Saturday, July 25, 2015

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The Prosecution Of Seamus Daly

The Release Seamus Daly Campaign has issued a statement on his prosecution.

 


In regards Seamus Daly on his arrest and prosecution in relation to his alleged involvement in the Omagh Bombing 15th August 1998 and the attempted bombings of Lisburn on 30th April 1998:

  • We Maintain that the PSNI case being brought against him is flawed and his continued prosecution in this matter violates his human rights.

  • We Maintain that the case against him, being brought by the PSNI contains serious inconsistencies which are contributing to the denial by the State of his right to a fair trial in relation to these offences and consequently his right to liberty.

  • We Maintain that the prosecution has insufficient evidence to satisfy the criminal law standard of proof of guilt ‘beyond all reasonable doubt’. The PSNI accepted under a cross examination at the first bail application brought on behalf of Seamus Daly on 11th April 2014 that no new evidence has been found over a period of 14 years since the Omagh Bombing of 1998. These charges are therefore being brought on a review of available evidence rather than any new material.

Senior Prosecutors working on the case in 1999 would have examined whether there was a reasonable prospect of a conviction against Seamus Daly but the fact that no proceedings were initiated at the time demonstrates that the prosecution came to the conclusion that there was no prospect of a successful conviction at that time. This conclusion, therefore, continues to exist now, consequently, we consider that there is no evidential basis to support the charges being brought against Seamus Daly then or now. Why was he not arrested before if evidence was available?

Furthermore the prosecution case relates to the PSNI failure to locate him before the 7th of April 2014. The PSNI claimed that they had difficulty locating Seamus Daly before he was detained. However, statements obtained from neighbours of Seamus in Jonesborough, Newry, confirm that Seamus Daly has been living there openly for the last number of years. These witnesses include the school crossing-warden for Jonesborough Primary School, who saw Seamus Daly and his wife passing her every morning, and the parish priest Father Dermot Maloney who ‘would have met Seamus regularly about the area’. Father Maloney celebrated Seamus Daly’s wedding in 2012 and confirms his attendance at his son’s confirmation the year previous.

Seamus Daly has now been detained for over 15 months. He has yet to have a committal hearing. This failure to advance a prosecution against him violates his right to a fair trial within a reasonable period under Article 6 of the ECHR. It also violates his right to liberty under Article 5 of the ECHR. If custody time limits were binding in the North of Ireland as they are in England and Wales, Seamus Daly would have been released at least five times over by now. In the case of McFarlane v. Ireland (2010), the ECtHR held that legal proceedings of excessive length constituted a breach of the ‘reasonable time’ requirement under the ECHR. This undue delay in bringing the case against Seamus Daly to trial is a breach of his right to a fair trial under Article 6 of the ECHR and his right to liberty under Article 5.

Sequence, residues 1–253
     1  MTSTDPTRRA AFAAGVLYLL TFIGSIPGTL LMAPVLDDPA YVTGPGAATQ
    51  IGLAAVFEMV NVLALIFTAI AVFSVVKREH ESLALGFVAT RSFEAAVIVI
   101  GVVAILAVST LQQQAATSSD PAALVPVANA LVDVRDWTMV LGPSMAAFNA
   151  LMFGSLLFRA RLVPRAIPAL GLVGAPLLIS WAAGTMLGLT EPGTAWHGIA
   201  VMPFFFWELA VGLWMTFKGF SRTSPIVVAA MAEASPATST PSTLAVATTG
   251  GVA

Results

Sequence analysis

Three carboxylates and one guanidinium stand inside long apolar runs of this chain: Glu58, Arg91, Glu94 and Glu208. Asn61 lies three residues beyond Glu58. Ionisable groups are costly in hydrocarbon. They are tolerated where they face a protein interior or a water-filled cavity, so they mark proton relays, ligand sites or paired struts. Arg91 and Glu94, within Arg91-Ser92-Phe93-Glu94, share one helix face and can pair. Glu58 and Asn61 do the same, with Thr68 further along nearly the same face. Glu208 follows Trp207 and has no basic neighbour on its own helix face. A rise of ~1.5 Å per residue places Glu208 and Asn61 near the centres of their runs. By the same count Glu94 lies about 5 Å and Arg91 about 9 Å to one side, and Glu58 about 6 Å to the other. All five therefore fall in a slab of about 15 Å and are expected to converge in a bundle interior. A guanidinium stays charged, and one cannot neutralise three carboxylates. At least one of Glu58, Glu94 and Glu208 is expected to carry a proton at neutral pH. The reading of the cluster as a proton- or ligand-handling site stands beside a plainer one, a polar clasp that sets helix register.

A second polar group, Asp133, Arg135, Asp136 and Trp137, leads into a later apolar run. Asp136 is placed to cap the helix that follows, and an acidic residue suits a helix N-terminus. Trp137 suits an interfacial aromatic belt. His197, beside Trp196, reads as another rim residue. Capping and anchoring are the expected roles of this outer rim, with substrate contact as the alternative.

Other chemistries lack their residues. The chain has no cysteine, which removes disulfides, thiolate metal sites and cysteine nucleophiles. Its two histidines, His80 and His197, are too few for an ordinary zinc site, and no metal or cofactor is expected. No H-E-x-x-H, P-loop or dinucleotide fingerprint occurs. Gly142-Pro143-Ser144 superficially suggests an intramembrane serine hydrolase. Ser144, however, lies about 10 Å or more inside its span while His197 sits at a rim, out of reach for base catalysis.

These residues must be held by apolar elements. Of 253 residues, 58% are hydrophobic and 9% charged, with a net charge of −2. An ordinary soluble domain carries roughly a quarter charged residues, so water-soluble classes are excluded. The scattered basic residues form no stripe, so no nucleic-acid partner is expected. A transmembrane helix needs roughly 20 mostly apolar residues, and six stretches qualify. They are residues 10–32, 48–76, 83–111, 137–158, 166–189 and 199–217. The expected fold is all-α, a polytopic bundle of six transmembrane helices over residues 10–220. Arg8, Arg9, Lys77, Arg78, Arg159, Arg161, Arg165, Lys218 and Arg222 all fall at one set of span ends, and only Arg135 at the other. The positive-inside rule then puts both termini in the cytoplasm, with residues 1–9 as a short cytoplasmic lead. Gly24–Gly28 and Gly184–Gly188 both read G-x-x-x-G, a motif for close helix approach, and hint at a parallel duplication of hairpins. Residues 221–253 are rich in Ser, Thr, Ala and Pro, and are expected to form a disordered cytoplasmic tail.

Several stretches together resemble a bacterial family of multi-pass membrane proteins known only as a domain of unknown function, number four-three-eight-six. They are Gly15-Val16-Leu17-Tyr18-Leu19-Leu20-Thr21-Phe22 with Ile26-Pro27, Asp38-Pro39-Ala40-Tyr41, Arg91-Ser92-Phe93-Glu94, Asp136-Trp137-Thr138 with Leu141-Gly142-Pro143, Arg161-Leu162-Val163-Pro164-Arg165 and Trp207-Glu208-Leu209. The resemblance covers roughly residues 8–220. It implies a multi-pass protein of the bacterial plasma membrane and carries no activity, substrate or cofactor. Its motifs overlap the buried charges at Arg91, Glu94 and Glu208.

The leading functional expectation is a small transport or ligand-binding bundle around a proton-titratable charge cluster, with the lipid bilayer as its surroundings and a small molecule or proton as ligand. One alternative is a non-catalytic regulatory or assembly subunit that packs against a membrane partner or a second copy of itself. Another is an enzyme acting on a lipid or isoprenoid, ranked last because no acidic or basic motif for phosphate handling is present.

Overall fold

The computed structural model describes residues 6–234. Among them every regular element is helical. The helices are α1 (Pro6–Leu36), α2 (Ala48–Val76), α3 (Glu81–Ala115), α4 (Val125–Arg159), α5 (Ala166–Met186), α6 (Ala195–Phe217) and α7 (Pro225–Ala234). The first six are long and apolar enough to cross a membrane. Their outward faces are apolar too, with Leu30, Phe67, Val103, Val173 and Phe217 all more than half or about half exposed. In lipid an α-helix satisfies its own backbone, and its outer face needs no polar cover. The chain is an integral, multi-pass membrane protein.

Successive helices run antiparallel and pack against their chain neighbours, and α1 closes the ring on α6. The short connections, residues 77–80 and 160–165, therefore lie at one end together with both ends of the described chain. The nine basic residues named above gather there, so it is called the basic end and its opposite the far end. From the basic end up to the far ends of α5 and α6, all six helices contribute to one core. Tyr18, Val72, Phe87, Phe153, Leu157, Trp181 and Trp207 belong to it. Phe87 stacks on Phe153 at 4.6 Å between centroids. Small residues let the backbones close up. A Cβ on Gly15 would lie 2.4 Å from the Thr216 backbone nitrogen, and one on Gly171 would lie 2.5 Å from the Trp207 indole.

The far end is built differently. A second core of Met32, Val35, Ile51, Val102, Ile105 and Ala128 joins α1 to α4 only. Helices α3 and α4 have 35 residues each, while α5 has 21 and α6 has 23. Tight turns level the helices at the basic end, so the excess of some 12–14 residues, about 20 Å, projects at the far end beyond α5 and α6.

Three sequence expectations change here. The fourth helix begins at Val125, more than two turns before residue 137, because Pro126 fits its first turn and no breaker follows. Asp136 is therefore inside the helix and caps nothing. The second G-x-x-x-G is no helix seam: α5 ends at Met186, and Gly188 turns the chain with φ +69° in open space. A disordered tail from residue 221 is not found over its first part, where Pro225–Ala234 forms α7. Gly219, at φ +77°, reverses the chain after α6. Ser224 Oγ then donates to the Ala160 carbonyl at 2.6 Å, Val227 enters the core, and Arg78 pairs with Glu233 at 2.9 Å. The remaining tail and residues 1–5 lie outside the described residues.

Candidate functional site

Seamus Daly understood that at his initial bail application his committal hearing would occur in July 2014. This timetable has not been adhered to. There is now supposedly a committal date, which set for the 18th August 2015.

The gravity of a criminal act should not undermine the human rights of an individual. This balance must be respected and guaranteed in a society that respects the rights of an individual and wants to up hold the Rule of Law whilst protecting the victims of crime.

Further to this we believe that this case has been subject to a trial by media before it has been tried in a court. This does little to reinforce the principle of Justice “innocent until proven guilty”. Perversely certain elements of the media have presented a case of “guilty until proven innocent”. What we have seen is the media conduct a separate investigation and build public opinion even before the court takes cognisance of the case. While this continues, it is incumbent upon this committee to continue presenting information to the Public. Just as the media have a right to investigate and publish articles on the case, so too do we have a right of reply.

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